MEET THE TULLY FAMILY

Tully marks a happy reunion for Reitman, Cody and their Young Adult star Charlize Theron. In that film, Theron embraced every appalling aspect of her character, the emotionally stunted, flagrantly selfish YA novelist writer Mavis Gray, making her recognizably human as well as hilarious. Young Adult had been something of a meeting of the minds and they had wanted to work together ever since.

Marlo is a very different character than Mavis but no less challenging for an actor. Having Theron in front of the camera makes all the difference, says Reitman. "When I watch Charlize act, I feel like the movie is coming to life. You know, that's not an easy task; Diablo Cody does not write easy roles. The dialogue is nuanced and tricky and funny and unusual, and the characters are flawed. Charlize has the kind of bravery to take on a role like that and do it unflinchingly, never winking at the audience. She'll be as unlikeable as she needs to be, as unattractive as she needs to be. The goal is to be real and she'll do whatever it takes to get there. That's true of the heartbreaking moments and it's true of the humorous moments."

Cody notes that Theron's comedic sensibility is well-suited to her character, who is quick with a deadpan wisecrack and excels at creative profanity. Marlo also delights in teasing her daughter with morbid jokes. "It's so fun to write comedy for Charlize," Cody remarks. "She's a darkly funny person and she can really deliver that kind of material."

Theron was ready to commit to Tully as soon she learned about its existence. As she tells the story: "I ran into Jason somewhere and he said, 'I've got our next project.' I was like, 'Cool! When? Where do I sign up?' After Young Adult, we had a mutual desire to work together again. I have come to trust Jason and his taste so much. He knows me so well and knows the kind material that I find challenging and would like to explore. So I knew this was going to be very special."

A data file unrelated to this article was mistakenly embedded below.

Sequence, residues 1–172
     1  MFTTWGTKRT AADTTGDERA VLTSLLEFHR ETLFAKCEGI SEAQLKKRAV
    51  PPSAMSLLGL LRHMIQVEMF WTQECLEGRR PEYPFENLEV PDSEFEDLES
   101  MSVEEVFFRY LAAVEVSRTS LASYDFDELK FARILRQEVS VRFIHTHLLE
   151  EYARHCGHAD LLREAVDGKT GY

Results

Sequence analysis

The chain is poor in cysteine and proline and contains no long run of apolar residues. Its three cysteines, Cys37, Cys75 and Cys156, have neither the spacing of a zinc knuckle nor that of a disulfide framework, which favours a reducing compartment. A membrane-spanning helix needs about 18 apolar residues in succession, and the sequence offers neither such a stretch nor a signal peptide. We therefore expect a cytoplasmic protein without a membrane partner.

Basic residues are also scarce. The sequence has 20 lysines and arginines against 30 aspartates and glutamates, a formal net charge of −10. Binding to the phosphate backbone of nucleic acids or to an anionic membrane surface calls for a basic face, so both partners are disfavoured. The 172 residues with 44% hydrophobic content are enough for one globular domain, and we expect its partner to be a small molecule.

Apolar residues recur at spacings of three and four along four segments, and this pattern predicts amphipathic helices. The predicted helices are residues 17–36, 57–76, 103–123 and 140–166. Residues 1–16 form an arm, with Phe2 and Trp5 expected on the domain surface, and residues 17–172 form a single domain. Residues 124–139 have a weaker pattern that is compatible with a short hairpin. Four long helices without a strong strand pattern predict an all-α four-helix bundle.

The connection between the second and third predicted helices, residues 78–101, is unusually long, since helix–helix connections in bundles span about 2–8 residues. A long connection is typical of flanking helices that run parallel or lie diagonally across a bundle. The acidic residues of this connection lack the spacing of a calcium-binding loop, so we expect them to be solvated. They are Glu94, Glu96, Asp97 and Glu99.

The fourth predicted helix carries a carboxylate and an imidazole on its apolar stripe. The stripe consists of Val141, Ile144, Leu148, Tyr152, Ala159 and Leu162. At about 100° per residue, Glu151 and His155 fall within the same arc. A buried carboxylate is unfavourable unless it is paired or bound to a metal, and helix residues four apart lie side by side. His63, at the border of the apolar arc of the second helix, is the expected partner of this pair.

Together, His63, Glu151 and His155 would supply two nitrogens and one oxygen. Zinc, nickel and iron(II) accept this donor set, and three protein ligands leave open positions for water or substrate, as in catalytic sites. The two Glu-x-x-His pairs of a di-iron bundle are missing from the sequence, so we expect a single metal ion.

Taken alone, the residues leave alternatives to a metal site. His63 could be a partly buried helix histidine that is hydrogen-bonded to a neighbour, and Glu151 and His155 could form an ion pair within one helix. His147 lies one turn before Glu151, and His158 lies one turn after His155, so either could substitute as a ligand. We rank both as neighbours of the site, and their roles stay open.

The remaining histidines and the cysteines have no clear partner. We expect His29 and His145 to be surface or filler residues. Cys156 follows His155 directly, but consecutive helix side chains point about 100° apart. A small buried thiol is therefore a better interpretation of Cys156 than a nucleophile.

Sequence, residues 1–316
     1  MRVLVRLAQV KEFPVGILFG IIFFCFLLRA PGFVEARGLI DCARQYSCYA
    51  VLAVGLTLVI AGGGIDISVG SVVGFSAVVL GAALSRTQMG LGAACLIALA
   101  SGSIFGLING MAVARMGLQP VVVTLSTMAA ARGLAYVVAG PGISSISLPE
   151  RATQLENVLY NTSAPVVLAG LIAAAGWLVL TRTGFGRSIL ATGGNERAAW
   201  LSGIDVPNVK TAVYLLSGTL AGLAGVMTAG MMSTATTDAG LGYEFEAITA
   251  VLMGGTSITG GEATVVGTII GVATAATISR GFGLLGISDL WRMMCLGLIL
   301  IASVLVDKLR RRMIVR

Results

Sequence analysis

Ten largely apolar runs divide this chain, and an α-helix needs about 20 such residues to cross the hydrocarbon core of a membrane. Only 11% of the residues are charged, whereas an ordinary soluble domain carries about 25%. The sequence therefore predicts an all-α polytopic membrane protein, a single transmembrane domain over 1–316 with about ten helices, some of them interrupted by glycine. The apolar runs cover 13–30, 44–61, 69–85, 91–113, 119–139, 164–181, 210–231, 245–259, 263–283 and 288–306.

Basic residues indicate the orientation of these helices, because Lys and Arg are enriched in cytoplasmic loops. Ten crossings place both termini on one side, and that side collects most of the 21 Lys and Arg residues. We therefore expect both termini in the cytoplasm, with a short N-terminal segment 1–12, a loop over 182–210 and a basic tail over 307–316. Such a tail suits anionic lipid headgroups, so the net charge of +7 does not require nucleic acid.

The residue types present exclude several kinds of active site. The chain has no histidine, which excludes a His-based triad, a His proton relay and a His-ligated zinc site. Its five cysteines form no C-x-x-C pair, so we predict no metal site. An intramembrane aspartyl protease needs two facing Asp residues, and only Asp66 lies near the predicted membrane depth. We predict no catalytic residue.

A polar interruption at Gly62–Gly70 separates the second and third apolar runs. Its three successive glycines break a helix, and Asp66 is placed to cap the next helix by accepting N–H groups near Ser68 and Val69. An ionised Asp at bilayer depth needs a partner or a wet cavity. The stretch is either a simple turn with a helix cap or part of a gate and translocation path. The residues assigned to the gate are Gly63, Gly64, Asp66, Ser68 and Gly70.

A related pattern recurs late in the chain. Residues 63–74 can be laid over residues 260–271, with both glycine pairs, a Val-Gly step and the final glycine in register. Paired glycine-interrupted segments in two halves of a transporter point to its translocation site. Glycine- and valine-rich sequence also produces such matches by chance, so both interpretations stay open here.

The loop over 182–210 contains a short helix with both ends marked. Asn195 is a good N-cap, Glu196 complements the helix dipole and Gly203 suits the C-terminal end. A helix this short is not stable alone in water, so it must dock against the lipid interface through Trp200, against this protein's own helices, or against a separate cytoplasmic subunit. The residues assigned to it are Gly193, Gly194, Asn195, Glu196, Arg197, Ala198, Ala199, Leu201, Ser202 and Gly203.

Just how special became clear when Theron read Tully. It was both an exceptional example of craft and a story that resonated powerfully for her as a mother of two. "I've been acting for 20 years and when great writing comes around you're super appreciative of it," she remarks. "I think there was something that came out of Diablo when she wrote this. It came from a very real, deep place and I think as a mother I could feel that. That kind of honesty is rare. I had never seen or read anything about parenthood like this script and emotionally it was a very raw experience."

She was struck by the absence of stereotypes in the screenplay, which captured how hard it is to care for a newborn and what it's like to feel at the end of one's rope and wonder if it will ever get better. "The circumstances are different for everyone but the struggle of being a new parent is real," Theron reflects. "It's exhausting and nothing can prepare you for it. You can't know until you're actually in it. It can sometimes feel like you are in a dark tunnel and there really is no light at the end of it. The movie is very honest about the things you go through as a new parent but don't necessarily feel comfortable talking about. I appreciated that. I really connected to Marlo and fell in love with her."

In the last days of her pregnancy, Marlo is as uncomfortable in her mind as she is in her body, if not more so. "Marlo's very conflicted about the birth of this child," Theron observes. "The circumstances of her life are not necessarily in the right place for three children. She finds herself doubting the arrival of this third child and I think she has a real fear of knowing that she feels that way. And she's someone who loves her children immensely, who loves her husband immensely. She's just not that in love with her life at the moment and the movie reveals that slowly."